It is contended that the third-floor location of the apartment gave the occupants a legitimate expectation of privacy as to activities occurring therein. Appellant relies upon Katz v. United States, 389 U.S. 347, 88 S.Ct. 507, 19 L.Ed.2d 576 (1967), as supporting his position that the surveillance in this case constituted a search. In Katz, government agents attached a listening and recording device to the outside of a public telephone booth to secure evidence of the suspect's
[ 262 Pa. Super. Page 516]
transmission of wagering information by phone. The United States Supreme Court there stated that "the Fourth Amendment protects people not places. What a person knowingly exposes to the public, even in his own home or office, is not a subject of Fourth Amendment protection. [Citations omitted]. But what he seeks to preserve as private, even in an area accessible to the public, may be constitutionally protected." Katz v. United States, supra at 351-52, 88 S.Ct. at 511.
The Court further pointed out that prior case law indicating that no search could take place without physical trespass or the seizure of material objects, was no longer viable. In sum, the Court held that the government's actions violated the defendant's legitimate expectation of privacy and constituted a search which was in violation of constitutional requirements because no warrant had been obtained.
We must initially decide if the police surveillance in this case was a search under Katz. The decision in Commonwealth v. Hernley, 216 Pa. Super. 177, 263 A.2d 904 (1970), cert. denied, 401 U.S. 914, 91 S.Ct. 886, 27 L.Ed.2d 813 (1971), is instructive on this question. In Hernley, an FBI agent received information which led him to suspect that football gambling forms were being printed in the appellant's printshop. One evening, the agent noticed that the presses in the shop were operating, but he was unable to observe any activity within the building because of the height of the windows. To solve this dilemma, the agent employed a four foot ladder which he placed on the railroad tracks abutting the appellant's property, thirty to thirty-five feet from a shop window. From this vantage point the agent, using binoculars, was able to see betting sheets being produced. Analyzing the appellant's fourth amendment claim, the Hernley court first noted that the use of binoculars to make visual observations was not unreasonable, citing Johnson v. State, 2 Md.App. 300, 234 A.2d 464 (1967), and Fullbright v. United States, 392 F.2d 432 (10th Cir.), cert. denied, 393 U.S. 830, 89 S.Ct. 97, 21 L.Ed.2d 101 (1968). Recognizing that Katz had eliminated the necessity that a physical trespass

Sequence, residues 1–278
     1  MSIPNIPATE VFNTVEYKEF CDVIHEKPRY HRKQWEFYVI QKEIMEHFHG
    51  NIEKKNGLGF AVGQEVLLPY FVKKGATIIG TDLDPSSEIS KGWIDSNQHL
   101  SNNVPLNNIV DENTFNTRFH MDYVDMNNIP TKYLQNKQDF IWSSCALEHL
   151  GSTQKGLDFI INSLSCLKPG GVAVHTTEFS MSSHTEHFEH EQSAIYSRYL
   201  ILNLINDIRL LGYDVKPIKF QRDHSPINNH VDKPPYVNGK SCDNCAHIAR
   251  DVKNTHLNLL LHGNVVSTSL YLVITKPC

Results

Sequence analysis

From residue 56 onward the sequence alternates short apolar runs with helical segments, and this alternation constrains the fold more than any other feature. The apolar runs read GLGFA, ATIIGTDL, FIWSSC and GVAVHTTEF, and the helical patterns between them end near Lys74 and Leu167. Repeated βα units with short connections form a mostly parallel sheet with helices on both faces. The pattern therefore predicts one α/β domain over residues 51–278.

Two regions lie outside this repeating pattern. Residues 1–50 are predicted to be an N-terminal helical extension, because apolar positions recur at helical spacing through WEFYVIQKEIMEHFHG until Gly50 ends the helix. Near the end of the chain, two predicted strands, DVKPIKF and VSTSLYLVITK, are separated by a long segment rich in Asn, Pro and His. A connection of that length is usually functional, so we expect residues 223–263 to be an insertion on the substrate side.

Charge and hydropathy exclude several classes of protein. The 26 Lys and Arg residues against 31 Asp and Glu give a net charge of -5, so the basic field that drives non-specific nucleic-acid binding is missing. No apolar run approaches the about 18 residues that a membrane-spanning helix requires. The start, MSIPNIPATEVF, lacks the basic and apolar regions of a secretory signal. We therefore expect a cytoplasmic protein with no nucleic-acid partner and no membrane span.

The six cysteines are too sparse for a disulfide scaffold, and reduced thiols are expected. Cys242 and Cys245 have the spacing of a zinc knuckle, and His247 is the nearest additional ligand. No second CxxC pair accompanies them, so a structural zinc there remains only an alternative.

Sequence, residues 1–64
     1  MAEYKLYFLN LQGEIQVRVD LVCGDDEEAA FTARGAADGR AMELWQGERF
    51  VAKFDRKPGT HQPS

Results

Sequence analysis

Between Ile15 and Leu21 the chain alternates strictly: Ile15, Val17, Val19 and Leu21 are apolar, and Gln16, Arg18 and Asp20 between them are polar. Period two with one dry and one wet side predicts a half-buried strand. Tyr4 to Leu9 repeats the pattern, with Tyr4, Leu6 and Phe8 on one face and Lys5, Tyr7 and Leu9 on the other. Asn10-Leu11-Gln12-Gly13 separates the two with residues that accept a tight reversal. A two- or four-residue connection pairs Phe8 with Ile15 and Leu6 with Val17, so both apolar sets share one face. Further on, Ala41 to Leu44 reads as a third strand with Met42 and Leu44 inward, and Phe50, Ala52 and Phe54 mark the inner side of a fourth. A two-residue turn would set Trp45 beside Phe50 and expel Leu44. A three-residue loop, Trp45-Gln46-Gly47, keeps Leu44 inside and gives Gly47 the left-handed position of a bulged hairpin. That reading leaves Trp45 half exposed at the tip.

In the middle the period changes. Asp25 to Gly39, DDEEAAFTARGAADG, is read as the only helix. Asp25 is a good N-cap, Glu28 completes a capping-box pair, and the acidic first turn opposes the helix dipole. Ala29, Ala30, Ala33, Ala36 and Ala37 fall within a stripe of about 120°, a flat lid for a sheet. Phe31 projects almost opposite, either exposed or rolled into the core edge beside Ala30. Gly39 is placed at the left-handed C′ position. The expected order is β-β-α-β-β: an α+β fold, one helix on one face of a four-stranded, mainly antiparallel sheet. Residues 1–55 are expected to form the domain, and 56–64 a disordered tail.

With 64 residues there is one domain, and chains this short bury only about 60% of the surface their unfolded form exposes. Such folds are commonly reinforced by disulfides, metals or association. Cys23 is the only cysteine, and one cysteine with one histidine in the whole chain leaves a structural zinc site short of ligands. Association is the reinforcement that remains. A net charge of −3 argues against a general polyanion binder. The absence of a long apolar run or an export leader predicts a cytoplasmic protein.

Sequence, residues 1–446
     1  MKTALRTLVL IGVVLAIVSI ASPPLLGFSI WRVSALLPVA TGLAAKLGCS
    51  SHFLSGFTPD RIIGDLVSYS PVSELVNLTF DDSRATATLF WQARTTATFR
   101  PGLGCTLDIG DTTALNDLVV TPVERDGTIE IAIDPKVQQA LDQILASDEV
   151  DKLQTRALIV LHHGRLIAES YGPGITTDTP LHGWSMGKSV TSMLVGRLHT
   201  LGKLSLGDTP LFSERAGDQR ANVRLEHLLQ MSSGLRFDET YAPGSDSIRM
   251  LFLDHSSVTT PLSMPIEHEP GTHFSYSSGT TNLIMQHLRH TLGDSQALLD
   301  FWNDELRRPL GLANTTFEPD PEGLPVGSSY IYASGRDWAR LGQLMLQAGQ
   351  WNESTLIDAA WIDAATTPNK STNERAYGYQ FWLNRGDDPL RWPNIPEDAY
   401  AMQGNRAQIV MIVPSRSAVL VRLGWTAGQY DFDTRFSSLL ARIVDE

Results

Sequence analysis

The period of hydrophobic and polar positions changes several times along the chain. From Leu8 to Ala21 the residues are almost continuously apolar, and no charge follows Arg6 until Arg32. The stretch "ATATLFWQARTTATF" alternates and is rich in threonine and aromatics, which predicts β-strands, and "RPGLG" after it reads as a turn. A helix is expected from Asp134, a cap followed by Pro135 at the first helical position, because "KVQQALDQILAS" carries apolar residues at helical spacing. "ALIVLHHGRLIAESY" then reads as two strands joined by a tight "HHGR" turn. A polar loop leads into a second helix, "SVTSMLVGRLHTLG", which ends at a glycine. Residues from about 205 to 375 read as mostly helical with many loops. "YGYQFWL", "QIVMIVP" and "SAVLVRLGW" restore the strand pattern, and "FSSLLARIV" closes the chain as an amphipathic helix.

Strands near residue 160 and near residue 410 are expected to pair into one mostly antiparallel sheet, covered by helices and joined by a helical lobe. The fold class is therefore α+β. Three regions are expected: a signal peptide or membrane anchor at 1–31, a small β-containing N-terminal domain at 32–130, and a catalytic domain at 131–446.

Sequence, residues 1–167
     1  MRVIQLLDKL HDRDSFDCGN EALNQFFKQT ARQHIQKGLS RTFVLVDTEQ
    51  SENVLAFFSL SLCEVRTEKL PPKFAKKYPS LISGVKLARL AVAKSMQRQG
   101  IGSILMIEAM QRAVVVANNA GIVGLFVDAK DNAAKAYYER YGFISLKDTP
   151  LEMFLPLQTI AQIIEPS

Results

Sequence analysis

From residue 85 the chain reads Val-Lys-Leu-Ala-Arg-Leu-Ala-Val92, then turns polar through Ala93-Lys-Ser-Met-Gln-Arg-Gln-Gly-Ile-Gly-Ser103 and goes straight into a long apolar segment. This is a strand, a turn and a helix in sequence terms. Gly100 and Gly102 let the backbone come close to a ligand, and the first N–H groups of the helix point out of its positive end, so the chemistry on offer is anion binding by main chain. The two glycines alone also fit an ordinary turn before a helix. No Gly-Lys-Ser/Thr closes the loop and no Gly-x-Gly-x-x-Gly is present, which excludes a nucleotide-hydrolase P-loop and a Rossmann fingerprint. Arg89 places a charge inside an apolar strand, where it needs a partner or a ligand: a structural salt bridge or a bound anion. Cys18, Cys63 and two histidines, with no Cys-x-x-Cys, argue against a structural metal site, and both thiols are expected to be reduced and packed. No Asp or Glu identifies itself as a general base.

[ 262 Pa. Super. Page 517]
occur in order for a surveillance to be unreasonable, the court turned to the two part standard expressed in Justice Harlan's concurring opinion in Katz : (1) that the subject had demonstrated an actual expectation of privacy, and (2) that society be able to view this expectation as reasonable. Applying this test to the facts, the court held as follows:
"Our case presents the situation in which it was incumbent on the suspect to preserve his privacy from visual observation. [Footnote omitted]. To do that the appellees had only to curtain the windows. Absent such obvious action we cannot find that their expectation of privacy was justifiable or reasonable. The law will not shield criminal activity from visual observation when the actor shows such little regard for his privacy." Commonwealth v. Hernley, supra, 216 Pa. Super. at 182, 263 A.2d at 907. See also Commonwealth v. Busfield, 242 Pa. Super. 194, 363 A.2d 1227 (1976).
We find that although there are significant factual differences in the cases, appellant's fourth amendment claim is controlled by the reasoning in Hernley. It is contended that the third-floor location of the apartment entitled the occupants to a greater expectation of freedom from observation. The surveillance in question, however, took place from a location on the third floor of a residence directly across from the apartment building. The susceptibility of the apartment to observation from this location was apparent. In Hernley, on the other hand, there was no obvious point from which observation could take place, necessitating the use of an outside instrumentality, the ladder, to make the surveillance possible. Considering all the factors advanced by appellant -- the location of the apartment, the duration of the surveillance, the use of binoculars and of the startron -- it remains irrefutably clear that just as in Hernley, the occupants of the apartment could have precluded all observation by the simple expedient of curtaining or otherwise covering the windows. Applying the standard of a balancing of interests between the security of public order by detection and prevention of crime and a person's immunity from police